Vodafone has broadened its fibre footprint to Birmingham, Bristol and Liverpool after signing a new wholesale agreement with Openreach.
The Vodafone business might be primarily known as a mobile business to most, though it has been making strides into the broadband world after signing an agreement with CityFibre last year. What this wholesale agreement with Openreach looks like is an effort by Vodafone to expand its fibre footprint in areas where its primary partner, CityFibre, does not have a presence.
With this wholesale agreement in place, Vodafone will soon be able to offer fibre broadband services in 15 locations throughout the UK.
“Vodafone is committed to a full fibre future and to creating the infrastructure Britain needs to compete and win in the digital era,” said Vodafone UK CEO Nick Jeffery.
“This initiative with Openreach builds on our existing commitments with CityFibre and underlines our belief in the power of digital technology to connect people for a better future and unlock economic growth for the UK.”
As part of the agreement, Vodafone’s Gigafast Broadband service will be available to customers in Birmingham, Bristol and Liverpool on the Fibre-to-the-Premises (FTTP) network from 2021. The first phase of the Openreach rollout is currently underway and the team plans to be able to reach as many as 500,000 customers on this network by mid-2021.
For Vodafone, this is a wholesale agreement which makes sense. The partnership with CityFibre looks to be one where the terms and conditions are very favourable to both parties, however Vodafone will want to be a service provider which can offer broadband to everyone. The CityFibre deployment strategy means secondary partners will have to be sought.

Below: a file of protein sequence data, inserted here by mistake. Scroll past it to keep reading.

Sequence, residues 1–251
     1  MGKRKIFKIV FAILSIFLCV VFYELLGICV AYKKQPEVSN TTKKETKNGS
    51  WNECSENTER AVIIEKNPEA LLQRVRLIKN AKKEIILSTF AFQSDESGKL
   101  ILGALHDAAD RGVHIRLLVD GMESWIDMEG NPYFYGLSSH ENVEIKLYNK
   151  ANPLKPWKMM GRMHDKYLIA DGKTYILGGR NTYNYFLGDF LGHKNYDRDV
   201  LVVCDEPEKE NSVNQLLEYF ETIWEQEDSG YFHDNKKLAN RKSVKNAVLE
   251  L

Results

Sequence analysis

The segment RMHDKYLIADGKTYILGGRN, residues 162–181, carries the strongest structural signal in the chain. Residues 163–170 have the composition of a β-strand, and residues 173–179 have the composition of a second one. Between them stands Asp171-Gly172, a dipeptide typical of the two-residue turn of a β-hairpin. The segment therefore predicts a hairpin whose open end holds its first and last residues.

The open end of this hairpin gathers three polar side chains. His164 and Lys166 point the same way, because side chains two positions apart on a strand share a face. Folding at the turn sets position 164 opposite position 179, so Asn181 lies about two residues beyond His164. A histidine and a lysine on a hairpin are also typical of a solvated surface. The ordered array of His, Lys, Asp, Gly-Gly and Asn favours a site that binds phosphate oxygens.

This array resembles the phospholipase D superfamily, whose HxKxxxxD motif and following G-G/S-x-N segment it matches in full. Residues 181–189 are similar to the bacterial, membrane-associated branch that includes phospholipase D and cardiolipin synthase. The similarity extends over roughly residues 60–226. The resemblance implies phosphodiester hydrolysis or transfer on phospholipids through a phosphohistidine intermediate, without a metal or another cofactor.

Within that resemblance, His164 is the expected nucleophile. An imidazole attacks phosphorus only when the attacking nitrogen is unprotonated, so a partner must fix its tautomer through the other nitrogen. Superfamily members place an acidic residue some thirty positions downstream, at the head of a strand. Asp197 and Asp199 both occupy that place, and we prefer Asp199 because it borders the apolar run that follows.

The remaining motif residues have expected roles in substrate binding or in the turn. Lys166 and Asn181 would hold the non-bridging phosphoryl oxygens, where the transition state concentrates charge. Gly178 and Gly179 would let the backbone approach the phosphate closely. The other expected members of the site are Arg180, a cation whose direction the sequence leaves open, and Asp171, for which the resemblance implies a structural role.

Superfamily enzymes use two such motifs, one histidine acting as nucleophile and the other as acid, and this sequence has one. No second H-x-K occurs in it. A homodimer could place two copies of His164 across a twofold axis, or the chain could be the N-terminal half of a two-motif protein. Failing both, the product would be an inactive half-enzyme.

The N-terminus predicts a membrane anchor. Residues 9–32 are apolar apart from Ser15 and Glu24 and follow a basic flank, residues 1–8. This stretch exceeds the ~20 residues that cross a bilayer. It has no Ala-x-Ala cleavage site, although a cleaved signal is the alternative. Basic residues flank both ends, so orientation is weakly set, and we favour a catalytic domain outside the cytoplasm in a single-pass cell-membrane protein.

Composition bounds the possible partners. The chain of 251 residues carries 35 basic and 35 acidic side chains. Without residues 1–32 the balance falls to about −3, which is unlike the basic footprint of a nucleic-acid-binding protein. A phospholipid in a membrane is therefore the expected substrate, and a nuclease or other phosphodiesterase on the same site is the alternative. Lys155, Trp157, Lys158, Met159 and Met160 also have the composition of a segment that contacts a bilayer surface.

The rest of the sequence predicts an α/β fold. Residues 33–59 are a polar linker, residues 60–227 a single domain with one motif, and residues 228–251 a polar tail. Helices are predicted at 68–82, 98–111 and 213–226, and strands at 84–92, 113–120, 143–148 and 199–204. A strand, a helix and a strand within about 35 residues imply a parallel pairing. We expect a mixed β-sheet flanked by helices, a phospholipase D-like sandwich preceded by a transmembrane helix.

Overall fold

As part of the CityFibre agreement, Vodafone has made a minimum volume-based commitment for 10 years which increases over the period to 20% of the initial one million premises. In return, Vodafone has a period of exclusivity for consumer fibre-to-the-home services from CityFibre for 12 months, though the time-period is nuanced depending on location and the phase of network construction.
The CityFibre deployment strategy is also a point to consider here. CityFibre is targeting small and medium sized cities, as well as larger towns. These are areas which are generally not being targeted by the likes of Openreach or Virgin Media for fibre deployment. The idea is to create a scaled challenger, and targeting areas where rivals aren’t is a perfectly reasonable strategy.
In short, Vodafone will use CityFibre infrastructure as default, and Openreach in locations where it is not available.
For Vodafone, this partnership demonstrates something which many will see as a plus; ambition. The team is seemingly attempting to expand the fibre service offering to more regions across the country, which should add greater confidence in its pursuit of making a meaningful impact on the segment.